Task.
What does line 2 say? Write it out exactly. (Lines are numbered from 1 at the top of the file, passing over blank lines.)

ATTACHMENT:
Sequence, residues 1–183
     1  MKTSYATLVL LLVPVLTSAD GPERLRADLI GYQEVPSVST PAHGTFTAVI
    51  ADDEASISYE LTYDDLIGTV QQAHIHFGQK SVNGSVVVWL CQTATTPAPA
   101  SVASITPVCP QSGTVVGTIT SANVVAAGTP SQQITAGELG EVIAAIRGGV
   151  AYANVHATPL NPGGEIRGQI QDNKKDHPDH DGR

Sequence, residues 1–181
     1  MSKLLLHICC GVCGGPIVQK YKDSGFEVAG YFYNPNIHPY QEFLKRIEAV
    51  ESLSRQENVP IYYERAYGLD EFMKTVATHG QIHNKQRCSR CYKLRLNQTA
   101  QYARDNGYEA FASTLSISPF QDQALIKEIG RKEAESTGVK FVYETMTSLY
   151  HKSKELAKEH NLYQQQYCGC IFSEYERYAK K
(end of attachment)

     1  MKTSYATLVL LLVPVLTSAD GPERLRADLI GYQEVPSVST PAHGTFTAVI